Monday, February 21, 2011

Conceptual Art - Shane's Article

Shane's reading was an article found on eHow that walks one through some arts-and-crafts reminiscent steps in order to create conceptual art. It was actually pretty painful and amusing to read. It was practically in the same format as those step-by-step instructions you get to make a potato clock or start a science project for middle school. I never wanted to think of art that way, especially because now I'm pursuing it as a serious career. The way this article explains what conceptual art is and how it's made makes it seem like just about anyone can do it. If I read this aloud to my six year old brother, he tries it, and successfully follows the criteria, does that mean he can sell his work for what...a hundred bucks at the very least? 

Now I'm the last person to say that I think only art schooled persons could ever become artists, but I don't think everyone under the sun has what it takes. A lot of people that I know who can't draw to save their life don't even have much of an imagination to support them. Yet they're good at other things I can't grasp well, like business or social politics. Things that maybe with time I /could/ do, but never do well.

I can't help but be reminded of that movie with the chef-rat. I can't spell it right now and I don't feel like googling it, {holy crap, 'googling' is a word!} but in the movie one of the messages in the story is that 'everyone can cook, but not everyone should'. I don't remember who it was that said this, but I apply this to art all the time. Everyone can have ideas, or make a drawing even if it sucks by higher art standards, but not everyone should try to make a living with art. It's not just the execution, but the executor. I know people who can paint and draw. My mom is one of them. But she never pursued a career in art in the slightest. It just didn't appeal to her. She might have had what it took when it came to talent and imagination, but personally she wasn't fit for it. So I say, if you can't make 'high art', if you can't draw or paint or print or sculpt, but you have an idea, you can still make it into art if you really care to do so. It'll rip all the patience out of you, but it's not impossible. You just came into the game at a disadvantage, but the lifestyle isn't necessarily beyond you.

1. I don't think conceptual art is as simple as this article puts it, because if it was, it wouldn't be so hard to make. That, or they don't really go through the painful details such as the fact that, even when you do reach that one idea that's important to you, you need to think of every single element you add to your work and how the message can either get lost or misinterpreted  because of the variety amongst the audience. Good conceptual art has a clear message that everyone can understand, and the execution of this message has to have a certain power to it in order to get anyone's attention in the first place. This is practically impossible in its purest form. A lot of things in western cultures, especially signs, symbols, colors, and the most basic elements commonly used in art, mean something different to other cultures. And since the art world is, as it eludes to being, a 'world', there are folks from every background imaginable that will be judging your piece and seeking the meaning behind it, only to come up with different answers than the next guy.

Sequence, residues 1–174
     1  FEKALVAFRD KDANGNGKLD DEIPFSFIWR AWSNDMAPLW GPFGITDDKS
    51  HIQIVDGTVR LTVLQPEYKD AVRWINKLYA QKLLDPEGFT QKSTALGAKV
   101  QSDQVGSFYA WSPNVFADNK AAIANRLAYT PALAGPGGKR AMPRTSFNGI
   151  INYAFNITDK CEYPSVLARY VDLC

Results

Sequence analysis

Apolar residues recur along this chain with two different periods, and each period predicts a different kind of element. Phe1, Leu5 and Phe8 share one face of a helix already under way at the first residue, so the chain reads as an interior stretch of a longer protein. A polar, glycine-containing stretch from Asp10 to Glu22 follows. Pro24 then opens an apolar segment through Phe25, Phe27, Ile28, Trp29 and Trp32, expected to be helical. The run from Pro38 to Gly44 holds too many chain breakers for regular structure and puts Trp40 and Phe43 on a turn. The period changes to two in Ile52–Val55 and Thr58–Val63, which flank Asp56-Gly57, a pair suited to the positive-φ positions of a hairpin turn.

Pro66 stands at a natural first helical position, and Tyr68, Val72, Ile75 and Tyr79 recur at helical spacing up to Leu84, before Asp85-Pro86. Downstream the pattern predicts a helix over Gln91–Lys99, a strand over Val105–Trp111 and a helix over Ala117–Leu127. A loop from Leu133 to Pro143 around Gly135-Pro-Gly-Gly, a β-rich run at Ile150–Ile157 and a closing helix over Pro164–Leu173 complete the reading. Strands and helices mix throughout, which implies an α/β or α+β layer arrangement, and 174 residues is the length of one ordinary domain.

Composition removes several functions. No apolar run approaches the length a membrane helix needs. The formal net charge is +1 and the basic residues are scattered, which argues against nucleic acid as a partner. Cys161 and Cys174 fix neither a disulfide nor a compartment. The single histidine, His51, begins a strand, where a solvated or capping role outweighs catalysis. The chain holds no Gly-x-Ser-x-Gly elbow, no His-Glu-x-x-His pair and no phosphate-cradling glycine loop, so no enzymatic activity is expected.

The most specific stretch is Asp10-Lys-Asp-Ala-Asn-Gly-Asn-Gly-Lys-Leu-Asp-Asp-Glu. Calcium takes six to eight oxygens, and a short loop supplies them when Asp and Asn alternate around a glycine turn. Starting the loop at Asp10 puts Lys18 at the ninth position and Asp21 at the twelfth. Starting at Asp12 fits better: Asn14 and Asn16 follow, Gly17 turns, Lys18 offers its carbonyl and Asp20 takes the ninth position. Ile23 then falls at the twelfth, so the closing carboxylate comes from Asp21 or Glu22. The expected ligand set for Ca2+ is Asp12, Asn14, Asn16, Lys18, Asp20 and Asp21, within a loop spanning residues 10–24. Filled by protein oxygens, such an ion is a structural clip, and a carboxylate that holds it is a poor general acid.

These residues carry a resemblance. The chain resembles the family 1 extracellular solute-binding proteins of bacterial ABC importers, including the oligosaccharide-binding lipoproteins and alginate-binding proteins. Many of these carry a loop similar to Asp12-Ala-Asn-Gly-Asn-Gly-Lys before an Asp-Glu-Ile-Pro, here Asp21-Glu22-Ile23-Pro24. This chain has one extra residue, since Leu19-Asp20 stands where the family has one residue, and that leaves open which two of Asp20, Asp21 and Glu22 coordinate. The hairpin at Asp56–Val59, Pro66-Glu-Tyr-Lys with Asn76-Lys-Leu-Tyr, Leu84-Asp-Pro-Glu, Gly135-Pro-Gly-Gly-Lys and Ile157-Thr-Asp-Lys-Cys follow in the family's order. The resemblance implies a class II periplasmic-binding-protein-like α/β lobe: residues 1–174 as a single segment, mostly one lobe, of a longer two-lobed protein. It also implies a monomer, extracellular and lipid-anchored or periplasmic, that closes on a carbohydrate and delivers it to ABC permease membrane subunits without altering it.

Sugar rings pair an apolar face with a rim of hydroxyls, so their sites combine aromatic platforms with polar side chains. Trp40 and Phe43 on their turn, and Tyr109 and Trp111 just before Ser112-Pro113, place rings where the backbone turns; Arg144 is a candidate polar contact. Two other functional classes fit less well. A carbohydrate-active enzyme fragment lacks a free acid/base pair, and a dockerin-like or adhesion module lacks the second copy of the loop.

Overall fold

2. eHow's description was simply disappointing to me. It felt like the bare, optimistic, skeletal description of what conceptual art really is. It didn't really change how I feel about conceptual art, it just made me pity those who actually find the article to be utterly legitimate.

3. Hardly any difference between the article and Bob Ross's shows. Ross made it sound like just about anyone could paint the pretty little trees and pretty little clouds to make 'art', but even if someone could match his level of skill, is it really art when you're practically painting by numbers? The strife is missing. The actual self-discovery is being left out of the picture. In both articles, it's not really about you. It's 'HOW TO MAKE ART FOR DUMMIES'. Make a pretty picture. Do something that makes someone else /think/. It's so simple, but it's missing the most important ingredients of all. The soul. The pain. The frustration. And the reconciliation.

4. High Art might survive in the modern world, but like it's done in the past thousand years or so, it'll need to undergo more plastic surgery. The definition of high art will probably change by a word or two, and suddenly it'll have another few years left of it until the license requires further renewal. 

How this applies to my work? I'm only half sure. I have an idea, and I chose how I want to execute it. But there's a lot of process, the journey's unforgiving, the quests are hard, and the final bosses are a bitch. In the end I turn something out after trying to make sure all my bases are covered only to find out there's one fatal flaw in the works that I completely glanced over and it's nearly too late to hash it out. Will YouTube ruin my stop-motion pieces? I've seen the internet as both enthralling and cruel. The people who would view my video can either appreciate it or turn some few seconds of it into a pop-culture internet reference. In the end, that's what keeps me from uploading to such a host. Ever seen 'Interior Semiotics'? LOOK IT UP. NOW. You'll feel the nostalgia kick in immediately. Sophomore and Junior year all over again. And many on the internet now find it both a joke and the epitome of all that is Hipster. Yet when you look at it as an artist, trying to forget that just about everyone else is having a laugh, how do you feel? Ohohoho...I think I know what my article is going to be.

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